The Garland of Howth (TCD MS 56) has not yet received all the attention it deserves, partly owing to the fact that hardly any images exist of it. This is about to change dramatically, as we recently began full digitisation of this manuscript.
For this project we are utilising a piece of book cradle technology (Grazer KT5242) which simultaneously cradles the binding, isolates and applies a gentle vacuum suction to the fore edge of the open page (fig. 2). Photographing a manuscript is a methodical process which requires many preparatory steps: environmental checks, lighting checks, colour targets, staging, focus and alignment of the camera, exposure, quality checks, all need to take place prior to capturing each image.
The camera we use is a Hasselblad H5D 200, from which we produce individual master image files of over 300 MB in size. Photography is carried out on the recto of each leaf, then the manuscript is turned and the versos are completed. This process ensures that handling is minimised.
A conservator assists the photographer throughout the process, positioning the manuscript on the cradle and ensuring the binding is well supported. Minor adjustments are made to the position of the manuscript as each folio is turned and prepared. Each folio is captured using Hasselblad’s multi-shot mode in order to produce an optimal photographic reproduction. The order of the images is adjusted later to reflect the order of the folios once the photography is complete.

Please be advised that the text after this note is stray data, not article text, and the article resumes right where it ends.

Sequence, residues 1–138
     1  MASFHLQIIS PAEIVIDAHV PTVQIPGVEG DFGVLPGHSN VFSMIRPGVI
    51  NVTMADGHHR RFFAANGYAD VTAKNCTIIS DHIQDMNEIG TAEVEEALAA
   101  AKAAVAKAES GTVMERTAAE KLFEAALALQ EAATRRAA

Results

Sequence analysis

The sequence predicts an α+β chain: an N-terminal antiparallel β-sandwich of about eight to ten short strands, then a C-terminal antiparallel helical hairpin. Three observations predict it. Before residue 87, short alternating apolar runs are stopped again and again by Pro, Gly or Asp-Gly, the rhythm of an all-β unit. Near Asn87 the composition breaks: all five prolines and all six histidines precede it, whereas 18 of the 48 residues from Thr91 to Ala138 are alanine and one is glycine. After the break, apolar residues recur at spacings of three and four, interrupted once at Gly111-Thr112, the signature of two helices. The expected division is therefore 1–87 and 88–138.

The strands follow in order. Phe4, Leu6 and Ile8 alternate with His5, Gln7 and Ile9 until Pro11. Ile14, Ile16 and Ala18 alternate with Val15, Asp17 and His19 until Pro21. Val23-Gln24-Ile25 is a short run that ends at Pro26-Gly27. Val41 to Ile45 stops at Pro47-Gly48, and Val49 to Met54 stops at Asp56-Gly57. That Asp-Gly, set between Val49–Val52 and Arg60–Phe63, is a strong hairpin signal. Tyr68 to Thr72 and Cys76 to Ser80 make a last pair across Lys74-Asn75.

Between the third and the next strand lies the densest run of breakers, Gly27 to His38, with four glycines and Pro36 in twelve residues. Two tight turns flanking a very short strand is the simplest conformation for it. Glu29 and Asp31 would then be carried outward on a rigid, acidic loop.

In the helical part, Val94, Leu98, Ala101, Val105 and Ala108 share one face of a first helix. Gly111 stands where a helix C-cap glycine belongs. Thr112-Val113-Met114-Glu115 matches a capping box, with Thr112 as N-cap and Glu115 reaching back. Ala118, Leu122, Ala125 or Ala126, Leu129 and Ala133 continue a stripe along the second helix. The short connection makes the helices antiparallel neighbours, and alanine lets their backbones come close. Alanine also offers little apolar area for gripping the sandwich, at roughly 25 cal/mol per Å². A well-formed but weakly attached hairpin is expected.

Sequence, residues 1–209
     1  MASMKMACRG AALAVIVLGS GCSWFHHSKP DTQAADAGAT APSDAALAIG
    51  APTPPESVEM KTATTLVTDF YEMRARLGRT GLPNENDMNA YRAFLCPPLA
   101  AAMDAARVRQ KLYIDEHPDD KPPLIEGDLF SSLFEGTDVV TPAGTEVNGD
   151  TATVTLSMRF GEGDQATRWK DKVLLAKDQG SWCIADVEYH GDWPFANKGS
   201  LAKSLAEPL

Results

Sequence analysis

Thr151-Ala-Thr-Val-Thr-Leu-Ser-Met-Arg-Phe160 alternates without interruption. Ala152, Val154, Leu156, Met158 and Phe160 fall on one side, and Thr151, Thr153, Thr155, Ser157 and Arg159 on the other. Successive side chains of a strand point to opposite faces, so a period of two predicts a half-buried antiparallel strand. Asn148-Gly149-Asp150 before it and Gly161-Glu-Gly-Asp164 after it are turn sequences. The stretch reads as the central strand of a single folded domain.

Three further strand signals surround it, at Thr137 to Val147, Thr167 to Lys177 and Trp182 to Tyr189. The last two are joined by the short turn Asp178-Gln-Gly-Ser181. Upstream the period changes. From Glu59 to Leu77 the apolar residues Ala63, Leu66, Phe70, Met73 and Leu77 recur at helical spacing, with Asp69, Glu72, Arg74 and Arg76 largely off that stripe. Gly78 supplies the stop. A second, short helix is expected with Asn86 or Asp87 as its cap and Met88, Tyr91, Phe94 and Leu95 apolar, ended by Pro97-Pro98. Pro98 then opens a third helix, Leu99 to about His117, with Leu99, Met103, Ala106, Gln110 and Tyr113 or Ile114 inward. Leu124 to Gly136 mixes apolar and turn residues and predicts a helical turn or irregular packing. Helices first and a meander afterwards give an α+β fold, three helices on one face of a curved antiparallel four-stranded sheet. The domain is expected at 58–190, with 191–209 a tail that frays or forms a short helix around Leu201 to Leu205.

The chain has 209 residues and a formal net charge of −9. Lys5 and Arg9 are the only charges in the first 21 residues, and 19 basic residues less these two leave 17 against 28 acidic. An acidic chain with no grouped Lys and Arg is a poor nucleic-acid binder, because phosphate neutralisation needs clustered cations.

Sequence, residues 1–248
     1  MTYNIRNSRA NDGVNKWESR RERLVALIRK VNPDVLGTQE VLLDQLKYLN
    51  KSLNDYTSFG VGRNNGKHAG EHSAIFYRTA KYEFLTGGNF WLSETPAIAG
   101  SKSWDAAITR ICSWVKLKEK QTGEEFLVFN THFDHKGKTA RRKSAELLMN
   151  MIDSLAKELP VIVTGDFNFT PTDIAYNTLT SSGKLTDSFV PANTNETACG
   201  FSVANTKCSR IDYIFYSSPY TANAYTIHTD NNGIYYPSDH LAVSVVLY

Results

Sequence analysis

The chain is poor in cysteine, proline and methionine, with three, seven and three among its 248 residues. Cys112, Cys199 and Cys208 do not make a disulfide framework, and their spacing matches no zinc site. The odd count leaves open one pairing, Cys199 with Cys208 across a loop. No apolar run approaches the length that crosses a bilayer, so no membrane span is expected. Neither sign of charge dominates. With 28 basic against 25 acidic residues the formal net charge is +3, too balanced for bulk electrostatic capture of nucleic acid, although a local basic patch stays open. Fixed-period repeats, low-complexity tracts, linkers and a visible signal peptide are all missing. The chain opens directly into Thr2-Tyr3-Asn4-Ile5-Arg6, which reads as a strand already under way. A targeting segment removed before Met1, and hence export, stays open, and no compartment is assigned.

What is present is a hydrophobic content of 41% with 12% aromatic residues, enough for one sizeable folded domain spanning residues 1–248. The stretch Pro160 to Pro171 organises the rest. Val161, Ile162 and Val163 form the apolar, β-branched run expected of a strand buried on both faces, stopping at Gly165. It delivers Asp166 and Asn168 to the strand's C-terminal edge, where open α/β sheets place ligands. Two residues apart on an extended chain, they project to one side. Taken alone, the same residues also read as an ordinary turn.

During the process, a conservator monitors the relative humidity (RH) in the room, adjusting levels with a humidifier. Our photographic studios are maintained at between 50-55% RH due to the sensitivity of parchment and vellum to moisture. If the RH drops much below this level the flexibility of exposed parchment and vellum is compromised as it dries out in response to the environment and typically begins to curl and distort. This causes risks to the pigments and weak areas in the skin as well as to the binding structure.
These high resolution photographs will be published online in the new year with detailed metadata as part of the Trinity College Dublin Digital Collections. This will give researchers and the wider public unprecedented access and the amazing opportunity to examine each page online in great detail.
Gillian Whelan, Senior Digital Photographer, Digital Collections